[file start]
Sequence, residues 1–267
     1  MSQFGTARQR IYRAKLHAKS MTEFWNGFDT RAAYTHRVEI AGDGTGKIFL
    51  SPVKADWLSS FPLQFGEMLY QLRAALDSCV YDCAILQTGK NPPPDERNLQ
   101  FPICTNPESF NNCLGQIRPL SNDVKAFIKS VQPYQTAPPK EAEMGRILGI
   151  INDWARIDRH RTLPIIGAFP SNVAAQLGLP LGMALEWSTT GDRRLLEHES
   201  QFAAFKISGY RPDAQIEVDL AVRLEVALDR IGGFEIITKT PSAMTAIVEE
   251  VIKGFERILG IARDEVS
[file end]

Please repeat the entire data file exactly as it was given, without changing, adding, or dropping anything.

Sequence, residues 1–267
     1  MSQFGTARQR IYRAKLHAKS MTEFWNGFDT RAAYTHRVEI AGDGTGKIFL
    51  SPVKADWLSS FPLQFGEMLY QLRAALDSCV YDCAILQTGK NPPPDERNLQ
   101  FPICTNPESF NNCLGQIRPL SNDVKAFIKS VQPYQTAPPK EAEMGRILGI
   151  INDWARIDRH RTLPIIGAFP SNVAAQLGLP LGMALEWSTT GDRRLLEHES
   201  QFAAFKISGY RPDAQIEVDL AVRLEVALDR IGGFEIITKT PSAMTAIVEE
   251  VIKGFERILG IARDEVS